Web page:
Copeland's selection as CEO hailed

But some black leaders criticize school board's method of choosing her

April 12, 2003|By Tanika White | Tanika White,SUN STAFF

As supporters cheered her on, an emotional Bonnie S. Copeland accepted yesterday her position as chief executive officer of Baltimore's public school system, pledging to do her best to serve the city's 96,000 schoolchildren.

Choking back tears, Copeland - who is the head of an educational foundation and a veteran Maryland educator - said she felt like she had "come home."

"I really hope this is the last time you'll hear about the CEO - the interim CEO - because this is all about the team," Copeland, 53, said. "I'm honored to be your team leader. I'm honored to support the team. This is my dream come true."

"Bravo, Bonnie! Bravo!" friends said - between hugs - after Copeland gave a short speech at the system's North Avenue headquarters yesterday.

The nine-member Board of School Commissioners chose Copeland to temporarily replace Carmen V. Russo, who announced last month her intention to leave, until board members complete a search for a permanent schools chief. Copeland will begin work July 1.

While Copeland's appointment was applauded by many, including state schools Superintendent Nancy S. Grasmick, some African-American political and religious leaders criticized the selection process.

"I am not happy with the way this went down," City Councilman Melvin L. Stukes said, after he had been invited by board Chairwoman Patricia L. Welch to take the podium.

Stukes said that he was not being critical of Copeland personally, but that he was frustrated that no African-American leaders - political, religious or otherwise - were consulted before the decision was made to hire Copeland.

"There are some of us in the African-American community that want to see fairness done ... and we don't feel that was done," he said.

Grasmick congratulated the school board for its decision.

"It's rare to find an individual who represents so many different perspectives," she said. "Bonnie is dedicated to the city of Baltimore. She understands the magnitude of the policies that will guide this system. ... We will not lose momentum [with] Bonnie assuming this responsibility."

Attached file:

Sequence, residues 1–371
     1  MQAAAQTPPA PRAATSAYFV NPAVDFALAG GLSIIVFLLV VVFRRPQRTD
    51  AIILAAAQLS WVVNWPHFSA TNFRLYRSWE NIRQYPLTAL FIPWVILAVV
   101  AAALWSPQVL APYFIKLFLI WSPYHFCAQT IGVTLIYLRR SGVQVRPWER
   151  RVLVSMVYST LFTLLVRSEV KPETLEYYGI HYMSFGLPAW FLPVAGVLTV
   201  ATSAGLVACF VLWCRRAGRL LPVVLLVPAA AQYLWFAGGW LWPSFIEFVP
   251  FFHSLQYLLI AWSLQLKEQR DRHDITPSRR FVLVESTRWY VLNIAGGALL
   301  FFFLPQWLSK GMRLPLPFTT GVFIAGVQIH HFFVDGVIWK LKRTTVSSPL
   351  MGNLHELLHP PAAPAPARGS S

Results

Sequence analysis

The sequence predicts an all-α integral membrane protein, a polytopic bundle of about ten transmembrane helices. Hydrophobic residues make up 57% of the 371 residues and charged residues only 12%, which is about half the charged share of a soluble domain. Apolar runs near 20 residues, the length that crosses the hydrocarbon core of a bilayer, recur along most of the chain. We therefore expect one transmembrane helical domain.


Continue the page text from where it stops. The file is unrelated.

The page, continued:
Meanwhile, Stukes was joined in criticizing the process by other education activists and community leaders, including Bishop Douglas Miles, past president of the Interdenominational Ministerial Alliance.

"This is an arrogant board," Miles said. "And they continue to deal with the community in an arrogant way."

After the news conference, Copeland personally thanked Stukes for his comments. She said later that she anticipated some backlash regarding the relatively closed process.

"I know that there will be other situations like that," she said. "People will have to judge me by my actions."

Even critics of the process have said that Copeland's resume indicates that she has the credentials to lead the system.

Since 2000, Copeland has served as executive director of the Fund for Educational Excellence - a 16-year-old organization that includes among its programs Achievement First, a reform-based initiative in more than 20 city schools. In that capacity, Copeland has worked with the school system in several areas, particularly high school reform.

She also was an associate superintendent of instruction in Baltimore County from 1989 to 1990, deputy state superintendent of schools from 1990 to 1994, and executive vice president of the Greater Baltimore Committee from 1994 to 1999. Copeland also has served on the city school board.

Copeland said she would like to be a candidate for the permanent position only if she is able to be successful as the temporary leader.

"I'm hoping we get off to a great start, hoping we can resolve this issue about process," she said. "And if all these things with the community could come together, then yes, I would like to be considered."

Copeland said that although the school board has given her the authority to bring in her own staff, she wants to take time to get to know current staff members first.

"This interim time is a nice luxury to get to know the people here better, and make sure they have the same philosophy about the needs of children as I do. Then I'll make some decisions about whether to go forward with the same team or go with a different team."

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